When i have the caliper off i try to remove any old grease ( especially around the slide pins - iff applicable( see other posts!)) After this i grease the glide pins alittle and i mean alittle! check the rubber bellows are all ok and clean around the sealing edges. then add alittle, and again i cant stress that too much, grease to the area on the caliper that the pad retainer clips sit on. finally just add a smear of grease to the edges of the pad that come into contact with the caliper and refit.
set everything up, spray the disk with cleaner again and rotate to check no grease on disk..... and its done.
NOTE! Never add more that a smear of grease so that its just almost invisable coat, if you can see thick smears or blobs then its way too much, dont want any coming off and on to the disk do you?!
So thats the way i was shown by a guy that used to race 500bhp cosworths! But like someone said always check the instruction with the pads you have purchased!
 

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Discussion Starter · #14 ·
Well I'm scared now! :cry: hehe All this talk of nipples and g clamps and grease and pistons and what not. I guess I just need to watch someone do it and then I can do it myself. I'm getting them fitted locally after all :sigh:, however I will write this up as a guide with no photos for now as I think we have quite a lot of good info here that I don't want to go to waste. If anyone has any pics at some point then please let me know. I would take pics tomorrow while they're doing it, but it sounds like they're not sure at what point in the day it'll be looked at. But thanks all for the pointers anyway. The thing that worries me the most is where to put the grease and where not to put grease and the piston and such and a few more bits. It'll be freezing cold anyway tomorrow :shrug: I'll definately make more of an effort next time tho when it's warm again. I'm a coward I know oh dear :flamer: :jump: hehe })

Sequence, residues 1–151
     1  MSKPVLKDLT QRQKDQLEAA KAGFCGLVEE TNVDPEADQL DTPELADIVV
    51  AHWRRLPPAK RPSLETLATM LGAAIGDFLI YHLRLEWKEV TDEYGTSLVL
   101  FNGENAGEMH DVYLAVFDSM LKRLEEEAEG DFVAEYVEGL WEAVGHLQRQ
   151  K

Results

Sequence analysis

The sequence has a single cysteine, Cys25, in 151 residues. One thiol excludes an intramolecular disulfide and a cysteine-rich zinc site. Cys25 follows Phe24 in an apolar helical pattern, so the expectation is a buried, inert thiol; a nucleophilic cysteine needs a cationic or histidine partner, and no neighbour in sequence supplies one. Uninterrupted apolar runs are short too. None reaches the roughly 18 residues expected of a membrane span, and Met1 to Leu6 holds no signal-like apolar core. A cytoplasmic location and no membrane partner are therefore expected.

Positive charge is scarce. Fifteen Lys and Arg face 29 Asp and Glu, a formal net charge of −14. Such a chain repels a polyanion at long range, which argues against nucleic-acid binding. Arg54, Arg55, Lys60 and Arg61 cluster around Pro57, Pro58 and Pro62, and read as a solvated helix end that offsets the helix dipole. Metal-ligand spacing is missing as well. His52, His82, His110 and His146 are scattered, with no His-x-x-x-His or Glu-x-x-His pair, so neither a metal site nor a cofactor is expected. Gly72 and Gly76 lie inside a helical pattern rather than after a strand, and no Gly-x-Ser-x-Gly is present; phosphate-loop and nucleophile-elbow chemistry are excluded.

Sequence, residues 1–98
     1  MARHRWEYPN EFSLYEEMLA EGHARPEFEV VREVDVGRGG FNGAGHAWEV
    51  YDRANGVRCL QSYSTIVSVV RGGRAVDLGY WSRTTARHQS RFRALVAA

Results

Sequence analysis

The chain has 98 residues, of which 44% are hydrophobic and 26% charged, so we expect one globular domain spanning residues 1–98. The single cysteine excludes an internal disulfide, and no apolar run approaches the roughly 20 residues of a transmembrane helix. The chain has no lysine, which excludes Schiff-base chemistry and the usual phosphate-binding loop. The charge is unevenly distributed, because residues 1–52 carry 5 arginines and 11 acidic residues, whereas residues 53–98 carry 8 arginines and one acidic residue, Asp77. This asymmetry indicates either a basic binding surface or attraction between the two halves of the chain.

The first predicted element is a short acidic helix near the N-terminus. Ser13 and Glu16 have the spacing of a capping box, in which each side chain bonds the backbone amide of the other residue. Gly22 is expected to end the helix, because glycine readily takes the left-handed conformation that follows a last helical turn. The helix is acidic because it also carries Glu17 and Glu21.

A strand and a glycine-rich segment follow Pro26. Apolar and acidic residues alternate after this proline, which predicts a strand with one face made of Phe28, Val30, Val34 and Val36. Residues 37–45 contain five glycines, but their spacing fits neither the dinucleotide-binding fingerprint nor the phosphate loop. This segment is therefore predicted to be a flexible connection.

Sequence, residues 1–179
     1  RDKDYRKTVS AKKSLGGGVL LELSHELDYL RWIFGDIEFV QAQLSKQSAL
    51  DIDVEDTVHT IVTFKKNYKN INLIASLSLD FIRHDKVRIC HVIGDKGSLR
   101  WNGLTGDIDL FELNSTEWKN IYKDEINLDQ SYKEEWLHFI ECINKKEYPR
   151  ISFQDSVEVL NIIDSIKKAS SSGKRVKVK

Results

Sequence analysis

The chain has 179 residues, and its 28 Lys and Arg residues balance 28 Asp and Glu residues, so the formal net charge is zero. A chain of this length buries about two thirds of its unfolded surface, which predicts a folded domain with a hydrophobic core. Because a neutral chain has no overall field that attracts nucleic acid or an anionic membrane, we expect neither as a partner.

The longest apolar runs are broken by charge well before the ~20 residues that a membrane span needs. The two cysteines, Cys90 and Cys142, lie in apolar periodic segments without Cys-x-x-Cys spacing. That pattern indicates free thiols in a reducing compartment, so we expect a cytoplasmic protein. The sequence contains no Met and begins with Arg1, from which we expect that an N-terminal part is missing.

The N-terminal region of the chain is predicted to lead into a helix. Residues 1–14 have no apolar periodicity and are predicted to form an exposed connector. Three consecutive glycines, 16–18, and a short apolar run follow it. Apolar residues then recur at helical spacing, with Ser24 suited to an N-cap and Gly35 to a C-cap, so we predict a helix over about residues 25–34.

Jase
 

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Jase... not sure if you saw it. But the symptons you describe are also classic signs of a sticky caliper. I've had a lot of experience with sticky calipers, due to all the roundabouts in MK.
 

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Discussion Starter · #16 ·
Heckler said:
Jase... not sure if you saw it. But the symptons you describe are also classic signs of a sticky caliper. I've had a lot of experience with sticky calipers, due to all the roundabouts in MK.
Oh yeah just saw that, it probably needs re-greasing which they should do tomorrow. Prob full of gunk. The squeak is definate pads tho. I can't see much of the pads left and to be fair it has been well over a year since the last set :D They were EBC Greens so quite pleased with them! I couldn't get Mintex ones quickly so had to get EBC again but not green this time:

http://www.ebcbrakes.com/featuresandbenefits.html

Jase